short-term 2020

You can see where we are 10 years ago.   Across all the OECD monetary areas (countries with their own monetary policy plus the euro-area) the median policy rate is about where it was then (of the two biggest areas, the US is a bit higher and the euro-area a bit lower).  Same goes for the G7 grouping.  And as for “small inflation targeters” (like New Zealand) those countries typically have much less conventional monetary policy capacity than they had in 2010 (New Zealand, for example, had an OCR of 2.75 per cent when I wrote that earlier note, and is 1 per cent now).

Back then, of course, the conventional view –  not just among markets but also to considerable extent among central banks –  was that before too long things would be back to normal.  Longer-term bond yields hadn’t actually fallen that far.  Here are the same groupings shown for bond yields.

long-term 2020

One could, at a pinch, then envisage central banks acting to pull bond yields down a long way (and with them the private rates that price relative to governments).  These days, not so much.  Much of the advanced world now has near-zero or even negative bond rates.  A traditionally high interest rate country like New Zealand now has a 10 year bond rate around 1 per cent.   Sure those yields can be driven low, but really not that much if/when there is a severe adverse shock.

And 10 years ago if anyone did much worry about these sorts of things –  and there were a few prominent people –  there was always the option of raising global inflation targets.  In the transition that might have supported demand and getting back to full employment. In the medium-term it would have meant a higher base level of nominal interest rates, creating more of a buffer to cope with the next severe adverse shock.   It would have been hard to have delivered, but no country even tried, and now it looks to be far too late (how do you get inflation up, credibly so, when most of your monetary capacity has gone, and it would hard to convince people –  markets –  of your sustained seriousness).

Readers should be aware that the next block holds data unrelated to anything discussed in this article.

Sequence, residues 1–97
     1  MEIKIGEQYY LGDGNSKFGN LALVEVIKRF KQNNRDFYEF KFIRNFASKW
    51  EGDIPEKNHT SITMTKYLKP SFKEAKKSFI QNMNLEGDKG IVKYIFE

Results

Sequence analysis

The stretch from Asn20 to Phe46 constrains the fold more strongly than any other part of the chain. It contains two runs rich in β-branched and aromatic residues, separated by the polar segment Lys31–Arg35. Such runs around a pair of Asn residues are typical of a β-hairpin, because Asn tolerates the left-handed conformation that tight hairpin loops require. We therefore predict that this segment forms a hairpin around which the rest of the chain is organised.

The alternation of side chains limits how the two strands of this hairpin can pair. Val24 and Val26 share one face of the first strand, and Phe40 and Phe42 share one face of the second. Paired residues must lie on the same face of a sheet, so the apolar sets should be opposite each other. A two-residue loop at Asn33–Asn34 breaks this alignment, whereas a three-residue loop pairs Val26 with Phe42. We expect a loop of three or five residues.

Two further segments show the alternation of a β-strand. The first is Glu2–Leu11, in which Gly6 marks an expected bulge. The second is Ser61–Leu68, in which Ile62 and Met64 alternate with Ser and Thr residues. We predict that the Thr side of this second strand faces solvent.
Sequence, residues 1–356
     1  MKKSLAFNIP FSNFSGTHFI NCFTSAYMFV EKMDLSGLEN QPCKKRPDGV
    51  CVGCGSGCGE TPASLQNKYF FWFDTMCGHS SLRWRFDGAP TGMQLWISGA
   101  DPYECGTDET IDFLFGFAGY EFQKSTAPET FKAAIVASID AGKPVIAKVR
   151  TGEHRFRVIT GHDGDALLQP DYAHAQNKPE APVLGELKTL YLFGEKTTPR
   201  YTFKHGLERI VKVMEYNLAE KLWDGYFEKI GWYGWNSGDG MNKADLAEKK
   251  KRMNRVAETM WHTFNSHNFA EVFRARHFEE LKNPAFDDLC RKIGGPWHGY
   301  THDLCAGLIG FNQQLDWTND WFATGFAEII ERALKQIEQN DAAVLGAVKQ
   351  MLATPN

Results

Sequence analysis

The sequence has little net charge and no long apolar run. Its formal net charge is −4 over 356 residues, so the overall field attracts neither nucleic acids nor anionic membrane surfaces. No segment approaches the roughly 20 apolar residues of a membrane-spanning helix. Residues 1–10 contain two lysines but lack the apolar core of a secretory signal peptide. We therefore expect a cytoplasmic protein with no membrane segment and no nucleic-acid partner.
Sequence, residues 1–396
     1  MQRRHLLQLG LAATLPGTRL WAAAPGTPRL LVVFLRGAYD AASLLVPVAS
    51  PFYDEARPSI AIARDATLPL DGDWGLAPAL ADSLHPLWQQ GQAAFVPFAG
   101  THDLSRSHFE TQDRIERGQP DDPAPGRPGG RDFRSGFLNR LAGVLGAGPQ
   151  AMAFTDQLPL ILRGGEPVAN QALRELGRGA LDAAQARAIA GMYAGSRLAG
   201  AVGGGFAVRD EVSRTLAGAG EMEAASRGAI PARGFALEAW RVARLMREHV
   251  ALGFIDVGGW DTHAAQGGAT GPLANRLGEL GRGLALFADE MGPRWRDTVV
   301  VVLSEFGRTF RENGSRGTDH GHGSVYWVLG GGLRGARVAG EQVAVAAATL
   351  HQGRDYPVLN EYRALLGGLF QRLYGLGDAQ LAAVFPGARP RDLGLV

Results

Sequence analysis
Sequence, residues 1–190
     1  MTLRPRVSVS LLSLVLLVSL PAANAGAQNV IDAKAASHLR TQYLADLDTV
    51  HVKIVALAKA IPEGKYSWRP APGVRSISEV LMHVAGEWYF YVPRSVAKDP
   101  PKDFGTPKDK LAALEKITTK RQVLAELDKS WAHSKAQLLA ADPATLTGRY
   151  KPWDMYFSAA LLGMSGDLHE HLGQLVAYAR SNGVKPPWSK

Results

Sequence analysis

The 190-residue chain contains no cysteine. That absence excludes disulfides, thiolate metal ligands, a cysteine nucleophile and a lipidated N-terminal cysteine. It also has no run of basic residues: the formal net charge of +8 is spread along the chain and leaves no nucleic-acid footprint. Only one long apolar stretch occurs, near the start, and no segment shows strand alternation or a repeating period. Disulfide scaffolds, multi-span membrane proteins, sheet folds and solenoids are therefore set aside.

My other point 10 years ago in drawing the Great Depression parallels was that the Great Depression was neither inevitable nor inescapable.  But it happened –  in reality it might have taken inconceivable cross-country coordination to have avoided by the late 1920s –  and it proved very difficult (not technically, but conceptually/politically) to get out of.  The countries that escaped earliest –  the UK as a prime example –  did so through a crisis event, crashing out of the Gold Standard in 1931 that they would have regarded as inconceivable/unacceptable only a matter of months earlier.  For others it was worse –  in New Zealand the decisive break didn’t come until 1933, and even then saw the Minister of Finance resigning in protest.    If we get into a deep hole in the next few years –  international relations generally not being at their warmest and most fraternal, domestic trust in politicians not being at its highest –  it could be exceedingly difficult to get out again.  Look at how long and difficult (including the resistance of central banks to even doing all they could) it proved to be to get back to full employment last time.

In the Great Depression one of the characteristic features was a substantial fall in the price level in most countries.   The servicing burdens of the public and private debt –  substantial in many countries, including New Zealand/Australia –  escalated enormously, and part of the way through/out often involved some debt defaults and debt writedowns.

Substantial drops in the price level seem unlikely in our age.  Japan, for example, struggled with the limits of monetary policy and yet never experiencing spiralling increases in the rates of deflation (of the sort some once worried about).  But equally, inflation expectations ratcheted down consistent with the very low or moderately negative inflation, meaning real interest rates were never able to get materially negative.  Japan at least had the advantage that in the rest of the advanced world, nominal interest rates and the inflation rate were still moderately positive.